·         Big soybean bloom and pod set delays in Missouri and surrounding areas speak to the problems in the crop in that area. This week’s tour won’t see much of that problem area, or of the really late first- and second-crop soybeans in the southern Midwest. Yesterday’s FSA data also suggested a probability of additional cuts in soybean acres.

·         Thunderstorms continue to favor the western Midwest into Wednesday, with scattered activity in the east Wednesday into early Thursday, expanding across much of the South this time as well. Portions of the shallow-rooted eastern belt are at risk of missing out on needed moisture. The 6- to 15-day outlook is drier with showers limited more to northern areas of the belt. Temperatures are expected to warm, but not be extreme in the 11- to 15-day period. The 16- to 30-day outlook is wettest in the northwestern belt.

Commodity Weather Group Forecast

In the Midwest/South, thundershowers scattered across the region but favored central SD, western IA, eastern NE, central/southwest KS, northern IL, far northwest IN, central TN, northern AL, and eastern GA. Thundershowers continue in the western Midwest into Wednesday, with scattered activity also occurring in the east from Wednesday into early Thursday and expanding across much of the South this week as well (peaking late Wednesday/Thursday).

The rains will benefit late corn/soy growth in much of the belt, keeping moisture stress limited to only 10 to 15% of the Midwest this week. Parts of ND, eastern IL, northeast IN, and OH appear at most risk for linger stress (mainly to soy), although a weekend rain event does bring showers back to the western Midwest and could ease dryness in ND. Showers become more limited in the 6 to 15 day and tend to favor the northern Midwest, as corn/soy filling pushes closer to completion.

Temperatures may warm in the 11 to 15 day but should only bring highs in the mid-80s to low 90s for the Midwest. The 16 to 30 day outlook has not changed, with warmer/drier conditions favoring the OH Valley/South and wettest conditions in the northwest Midwest during early harvest.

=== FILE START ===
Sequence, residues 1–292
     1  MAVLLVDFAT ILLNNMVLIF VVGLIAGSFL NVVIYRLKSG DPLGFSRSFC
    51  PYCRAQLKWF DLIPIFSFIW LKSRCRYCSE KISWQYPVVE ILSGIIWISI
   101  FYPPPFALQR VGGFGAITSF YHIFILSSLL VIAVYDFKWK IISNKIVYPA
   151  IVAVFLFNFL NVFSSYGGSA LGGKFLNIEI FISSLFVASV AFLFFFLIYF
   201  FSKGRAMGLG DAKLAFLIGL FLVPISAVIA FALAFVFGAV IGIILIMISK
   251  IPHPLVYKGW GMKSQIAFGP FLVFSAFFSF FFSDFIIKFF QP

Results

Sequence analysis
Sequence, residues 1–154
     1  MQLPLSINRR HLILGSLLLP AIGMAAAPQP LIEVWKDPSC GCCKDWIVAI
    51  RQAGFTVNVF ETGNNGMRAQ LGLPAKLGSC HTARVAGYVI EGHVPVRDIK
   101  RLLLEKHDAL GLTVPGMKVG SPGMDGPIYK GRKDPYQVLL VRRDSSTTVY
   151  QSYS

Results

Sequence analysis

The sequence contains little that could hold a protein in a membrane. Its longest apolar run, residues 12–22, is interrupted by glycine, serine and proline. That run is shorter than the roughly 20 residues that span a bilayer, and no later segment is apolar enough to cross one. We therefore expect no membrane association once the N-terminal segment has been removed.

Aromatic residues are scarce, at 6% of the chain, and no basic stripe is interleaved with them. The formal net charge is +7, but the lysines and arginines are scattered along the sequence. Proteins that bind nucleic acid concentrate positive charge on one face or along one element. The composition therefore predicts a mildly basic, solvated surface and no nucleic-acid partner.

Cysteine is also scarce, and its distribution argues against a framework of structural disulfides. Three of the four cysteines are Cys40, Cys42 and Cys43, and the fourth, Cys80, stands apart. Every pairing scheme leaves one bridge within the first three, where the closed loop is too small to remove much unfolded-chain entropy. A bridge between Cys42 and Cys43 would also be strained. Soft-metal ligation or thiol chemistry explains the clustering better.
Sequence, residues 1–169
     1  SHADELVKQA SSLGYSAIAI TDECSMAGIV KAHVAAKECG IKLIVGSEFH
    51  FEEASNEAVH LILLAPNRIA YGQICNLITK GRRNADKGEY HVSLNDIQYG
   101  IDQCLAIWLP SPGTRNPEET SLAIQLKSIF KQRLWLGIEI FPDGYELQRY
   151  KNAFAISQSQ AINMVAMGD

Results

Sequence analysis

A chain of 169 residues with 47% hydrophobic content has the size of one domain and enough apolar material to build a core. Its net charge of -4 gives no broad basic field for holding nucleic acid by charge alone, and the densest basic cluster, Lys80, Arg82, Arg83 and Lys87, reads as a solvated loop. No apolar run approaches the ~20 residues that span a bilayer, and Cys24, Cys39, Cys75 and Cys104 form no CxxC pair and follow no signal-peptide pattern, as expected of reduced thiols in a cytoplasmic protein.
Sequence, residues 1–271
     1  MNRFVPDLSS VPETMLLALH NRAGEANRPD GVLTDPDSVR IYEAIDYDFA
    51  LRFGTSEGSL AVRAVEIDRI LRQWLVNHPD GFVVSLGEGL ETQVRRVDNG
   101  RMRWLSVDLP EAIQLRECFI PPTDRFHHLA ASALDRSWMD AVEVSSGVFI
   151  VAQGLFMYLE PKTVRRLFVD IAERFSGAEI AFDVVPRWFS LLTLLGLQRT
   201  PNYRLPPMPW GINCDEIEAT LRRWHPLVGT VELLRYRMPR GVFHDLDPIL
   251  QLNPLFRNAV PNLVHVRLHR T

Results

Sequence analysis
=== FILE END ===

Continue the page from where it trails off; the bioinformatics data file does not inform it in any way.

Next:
In the N. Plains/Canada, showers were limited to the southern edge of the N. Plains spring wheat areas in the past day, with a few showers also in western Canada. Rains will pick up in western/far southern Canada and the far northern Plains from Friday into the weekend, with the northwest Prairies/N. Plains favored by occasional 6 to 15 day rains. While minor interruptions will occur to the N. Plains harvest, no serious delays are expected, and the pace is currently faster than normal. Frost on Saturday may still clip a few spots in northern Alberta canola, but models are a bit less aggressive today.

Morning Market Snapshot

 

All opinions expressed in this commentary are solely those of Water Street Advisory. This data and these comments are provided for information purposes only and are not intended to be used for specific trading strategies. Although all information is believed to be reliable, we cannot guarantee its accuracy or completeness. There is significant risk of loss involved in commodity futures and options trading and may not be suitable for all investors.

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Arlan Suderman | Senior Market Analyst
WATER STREET ADVISORY® | www.waterstreet.org
(316) 729-4599 | asuderman@waterstreet.org